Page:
I am not 100% sure that Adam Lambert, presumed gay but not talking, lost the American Idol crown because of homophobia. I am however 100% sure that Lt. Dan Choi is getting the boot from the US military because he is gay and he is definitely talking.
Despite the fact that I didn’t watch American Idol this season but have watched it in the past, and the fact that I don’t believe that TV entertainment is the definitive litmus test of much of anything beyond the fact that Americans watch a great deal of TV entertainment, I decided not to blow off the whole thing. Wireless Mike wrote about the topic and many of you have posted comments; 28 million watched the final episode and 100 million “voted.”
After checking out the Wikipedia entry on American Idol I feel confident writing that American Idol is where a corporate franchise with sponsors and lucrative product placement and exclusive contracts presents a public face of pop culture allure and tops it off with a grand finale ratings feeding frenzy in which “the people” weigh in with their vote.
Who Were These 100 Million People Who Voted?
How do we know that it wasn’t people in Norway, fresh from victory in the Eurovision Song Contest who threw the victory to Kris Allen? OK- in most nations AI is not a live broadcast and may be tape delayed by several days or weeks, but that doesn’t completely rule out a Norwegian Surprise.
AI’s sponsors and product placement provide insight about a program’s market audience…Coca-Cola, Kellogg, Pop-Tarts, and Ford Motors…text voting made possible by AT&T which “created an ad campaign that centered around an air-headed teenager going around telling people to vote.”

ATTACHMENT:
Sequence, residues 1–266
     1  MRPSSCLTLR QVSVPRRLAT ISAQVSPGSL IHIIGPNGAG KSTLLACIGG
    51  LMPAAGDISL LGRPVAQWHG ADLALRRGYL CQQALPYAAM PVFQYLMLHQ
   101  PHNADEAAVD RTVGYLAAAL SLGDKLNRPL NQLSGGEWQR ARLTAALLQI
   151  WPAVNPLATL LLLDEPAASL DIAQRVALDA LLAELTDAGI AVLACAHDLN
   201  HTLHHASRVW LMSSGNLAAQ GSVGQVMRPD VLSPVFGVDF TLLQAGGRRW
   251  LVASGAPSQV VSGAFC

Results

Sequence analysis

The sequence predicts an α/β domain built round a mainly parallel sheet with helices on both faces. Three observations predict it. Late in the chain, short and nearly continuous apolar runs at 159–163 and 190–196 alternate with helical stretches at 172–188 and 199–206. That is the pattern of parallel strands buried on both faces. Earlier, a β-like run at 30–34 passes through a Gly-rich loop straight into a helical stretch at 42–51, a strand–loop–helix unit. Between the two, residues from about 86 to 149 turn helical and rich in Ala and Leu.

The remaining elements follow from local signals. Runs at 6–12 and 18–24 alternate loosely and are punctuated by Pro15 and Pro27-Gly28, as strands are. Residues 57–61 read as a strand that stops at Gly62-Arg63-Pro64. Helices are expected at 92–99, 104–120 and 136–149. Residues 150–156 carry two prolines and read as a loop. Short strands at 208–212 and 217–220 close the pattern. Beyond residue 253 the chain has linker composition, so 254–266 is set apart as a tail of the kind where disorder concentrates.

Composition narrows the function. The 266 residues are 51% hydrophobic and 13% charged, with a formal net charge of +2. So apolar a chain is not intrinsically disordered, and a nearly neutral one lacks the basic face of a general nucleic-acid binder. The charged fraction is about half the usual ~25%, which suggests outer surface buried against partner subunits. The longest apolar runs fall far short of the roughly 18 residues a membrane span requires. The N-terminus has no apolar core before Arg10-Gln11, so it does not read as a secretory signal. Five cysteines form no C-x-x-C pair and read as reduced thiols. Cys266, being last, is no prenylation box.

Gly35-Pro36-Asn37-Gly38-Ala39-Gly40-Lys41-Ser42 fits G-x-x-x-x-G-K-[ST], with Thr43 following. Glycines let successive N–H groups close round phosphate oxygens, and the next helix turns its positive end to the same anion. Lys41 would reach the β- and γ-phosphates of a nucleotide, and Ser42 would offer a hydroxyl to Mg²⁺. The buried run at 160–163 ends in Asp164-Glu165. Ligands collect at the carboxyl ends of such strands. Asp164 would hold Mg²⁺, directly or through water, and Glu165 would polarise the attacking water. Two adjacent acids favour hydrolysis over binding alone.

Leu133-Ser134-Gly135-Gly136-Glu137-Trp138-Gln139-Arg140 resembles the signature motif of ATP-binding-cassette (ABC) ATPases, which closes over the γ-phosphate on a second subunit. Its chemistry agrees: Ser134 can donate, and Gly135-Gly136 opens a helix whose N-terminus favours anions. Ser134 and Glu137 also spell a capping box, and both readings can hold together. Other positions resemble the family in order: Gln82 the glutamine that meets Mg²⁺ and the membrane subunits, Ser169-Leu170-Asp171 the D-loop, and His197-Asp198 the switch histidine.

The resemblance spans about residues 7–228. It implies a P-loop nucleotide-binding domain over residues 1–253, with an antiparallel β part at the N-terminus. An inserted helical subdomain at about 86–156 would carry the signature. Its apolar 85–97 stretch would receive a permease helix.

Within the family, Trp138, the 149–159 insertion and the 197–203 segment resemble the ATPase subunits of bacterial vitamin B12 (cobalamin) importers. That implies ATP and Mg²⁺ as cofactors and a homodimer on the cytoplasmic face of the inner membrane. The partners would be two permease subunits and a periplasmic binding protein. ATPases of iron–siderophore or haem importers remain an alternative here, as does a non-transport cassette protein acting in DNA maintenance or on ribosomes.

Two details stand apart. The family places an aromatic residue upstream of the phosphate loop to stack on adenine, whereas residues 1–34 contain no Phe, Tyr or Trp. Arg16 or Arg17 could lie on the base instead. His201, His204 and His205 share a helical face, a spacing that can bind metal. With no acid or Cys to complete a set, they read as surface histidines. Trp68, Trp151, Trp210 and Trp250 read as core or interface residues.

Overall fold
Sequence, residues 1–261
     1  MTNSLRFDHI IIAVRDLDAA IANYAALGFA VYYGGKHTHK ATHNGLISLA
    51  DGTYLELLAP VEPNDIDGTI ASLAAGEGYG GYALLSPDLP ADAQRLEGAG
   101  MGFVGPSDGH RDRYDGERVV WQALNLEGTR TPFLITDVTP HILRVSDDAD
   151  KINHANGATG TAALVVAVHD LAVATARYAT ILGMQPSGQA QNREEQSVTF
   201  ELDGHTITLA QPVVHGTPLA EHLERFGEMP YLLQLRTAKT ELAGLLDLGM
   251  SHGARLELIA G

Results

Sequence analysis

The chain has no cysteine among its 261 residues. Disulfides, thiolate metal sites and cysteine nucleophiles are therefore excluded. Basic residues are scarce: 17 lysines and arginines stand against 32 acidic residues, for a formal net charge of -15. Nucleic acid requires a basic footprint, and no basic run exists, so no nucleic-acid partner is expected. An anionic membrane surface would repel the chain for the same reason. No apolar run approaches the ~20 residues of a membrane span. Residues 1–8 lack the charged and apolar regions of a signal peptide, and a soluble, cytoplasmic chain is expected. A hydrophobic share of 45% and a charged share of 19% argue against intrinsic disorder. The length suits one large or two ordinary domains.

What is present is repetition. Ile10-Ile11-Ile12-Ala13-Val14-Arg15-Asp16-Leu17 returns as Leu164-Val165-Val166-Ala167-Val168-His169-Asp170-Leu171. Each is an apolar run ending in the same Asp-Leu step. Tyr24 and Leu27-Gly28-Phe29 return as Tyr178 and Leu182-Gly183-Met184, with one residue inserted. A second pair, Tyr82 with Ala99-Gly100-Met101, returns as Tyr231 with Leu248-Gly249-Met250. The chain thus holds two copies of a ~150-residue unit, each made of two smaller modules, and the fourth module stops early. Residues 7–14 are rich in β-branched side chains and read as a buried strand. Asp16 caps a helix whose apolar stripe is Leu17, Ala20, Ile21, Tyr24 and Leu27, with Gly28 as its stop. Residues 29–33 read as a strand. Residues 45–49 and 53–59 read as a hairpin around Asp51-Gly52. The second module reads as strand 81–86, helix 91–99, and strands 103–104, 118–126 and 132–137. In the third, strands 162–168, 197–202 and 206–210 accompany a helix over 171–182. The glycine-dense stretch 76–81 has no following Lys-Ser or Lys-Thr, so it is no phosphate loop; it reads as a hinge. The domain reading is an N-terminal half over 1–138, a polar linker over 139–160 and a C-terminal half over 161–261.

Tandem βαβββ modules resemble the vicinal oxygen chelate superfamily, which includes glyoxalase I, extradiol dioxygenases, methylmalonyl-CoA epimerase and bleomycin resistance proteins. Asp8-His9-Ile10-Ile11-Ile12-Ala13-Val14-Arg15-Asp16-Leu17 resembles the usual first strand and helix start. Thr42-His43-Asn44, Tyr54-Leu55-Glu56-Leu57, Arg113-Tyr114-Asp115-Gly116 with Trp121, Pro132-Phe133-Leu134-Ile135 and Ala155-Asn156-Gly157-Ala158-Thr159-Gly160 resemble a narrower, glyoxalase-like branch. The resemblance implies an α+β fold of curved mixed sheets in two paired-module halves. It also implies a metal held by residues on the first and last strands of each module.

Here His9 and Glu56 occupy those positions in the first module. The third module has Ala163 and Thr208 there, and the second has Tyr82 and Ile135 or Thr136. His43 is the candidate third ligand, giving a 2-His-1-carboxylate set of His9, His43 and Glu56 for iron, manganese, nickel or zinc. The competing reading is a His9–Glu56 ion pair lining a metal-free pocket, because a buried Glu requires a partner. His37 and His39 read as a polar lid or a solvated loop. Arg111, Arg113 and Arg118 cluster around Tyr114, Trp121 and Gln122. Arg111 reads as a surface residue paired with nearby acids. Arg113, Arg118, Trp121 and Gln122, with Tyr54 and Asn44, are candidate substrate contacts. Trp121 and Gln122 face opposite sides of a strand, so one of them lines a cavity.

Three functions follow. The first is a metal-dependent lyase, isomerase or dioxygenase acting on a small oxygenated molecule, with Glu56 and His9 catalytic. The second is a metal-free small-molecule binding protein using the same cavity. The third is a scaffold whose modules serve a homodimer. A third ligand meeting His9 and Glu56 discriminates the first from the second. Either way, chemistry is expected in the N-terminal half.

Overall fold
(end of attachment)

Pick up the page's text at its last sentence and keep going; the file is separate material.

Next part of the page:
Sponsors know their demographics and I frankly hold no high expectations of the decisions of those who were text messaging their vote while washing down a Pop-Tart with a Coke. And driving. We got the Idol we wanted– for what that’s worth. And we are never going to make AI more than the sugar induced coma that it is.
Can You Be In If You’re “Out?”
Adam Lambert said in an interview “I know who I am” and in doing so side stepped the issue of whether he is gay or not. As of this moment, I know little beyond the fact that he possesses self confidence and talent and came in second place.
The more compelling test for me of what it means to be gay in America is whether Lt. Dan Choi will ultimately be able to remain in the Army. Choi was interviewed this month on the Rachel Maddow show. The reason for his expulsion according to that interview is very clear. “He has received a letter from the U.S. Army informing him that he is being dismissed, it says, in part, quote, ‘this is to inform you that sufficient basis exists to initiate action for withdrawal of federal recognition in the Army National Guard for moral or professional dereliction. Specifically, you admitted publicly that you are a homosexual, which constitutes homosexual conduct. Your actions negatively affected the good order and discipline of the New York Army National Guard.’ ”
It is a real head scratcher for me that publicly admitting you are a homosexual can be construed as synonymous with homosexual conduct. That seems like a real stretch in which the truth is the first thing to be distorted.